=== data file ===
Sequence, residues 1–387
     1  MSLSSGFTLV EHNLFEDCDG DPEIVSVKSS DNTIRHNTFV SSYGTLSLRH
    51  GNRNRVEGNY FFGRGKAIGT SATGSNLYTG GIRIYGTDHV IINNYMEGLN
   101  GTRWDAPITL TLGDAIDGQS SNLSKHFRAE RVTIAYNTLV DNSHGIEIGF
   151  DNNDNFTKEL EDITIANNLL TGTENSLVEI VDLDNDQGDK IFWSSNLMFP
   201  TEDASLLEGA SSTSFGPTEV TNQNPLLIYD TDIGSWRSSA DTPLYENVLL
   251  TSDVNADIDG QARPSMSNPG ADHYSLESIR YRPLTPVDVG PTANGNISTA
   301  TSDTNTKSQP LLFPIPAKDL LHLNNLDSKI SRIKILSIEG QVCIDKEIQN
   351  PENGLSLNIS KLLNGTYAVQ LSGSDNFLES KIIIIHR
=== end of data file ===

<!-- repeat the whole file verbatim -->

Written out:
Sequence, residues 1–387
     1  MSLSSGFTLV EHNLFEDCDG DPEIVSVKSS DNTIRHNTFV SSYGTLSLRH
    51  GNRNRVEGNY FFGRGKAIGT SATGSNLYTG GIRIYGTDHV IINNYMEGLN
   101  GTRWDAPITL TLGDAIDGQS SNLSKHFRAE RVTIAYNTLV DNSHGIEIGF
   151  DNNDNFTKEL EDITIANNLL TGTENSLVEI VDLDNDQGDK IFWSSNLMFP
   201  TEDASLLEGA SSTSFGPTEV TNQNPLLIYD TDIGSWRSSA DTPLYENVLL
   251  TSDVNADIDG QARPSMSNPG ADHYSLESIR YRPLTPVDVG PTANGNISTA
   301  TSDTNTKSQP LLFPIPAKDL LHLNNLDSKI SRIKILSIEG QVCIDKEIQN
   351  PENGLSLNIS KLLNGTYAVQ LSGSDNFLES KIIIIHR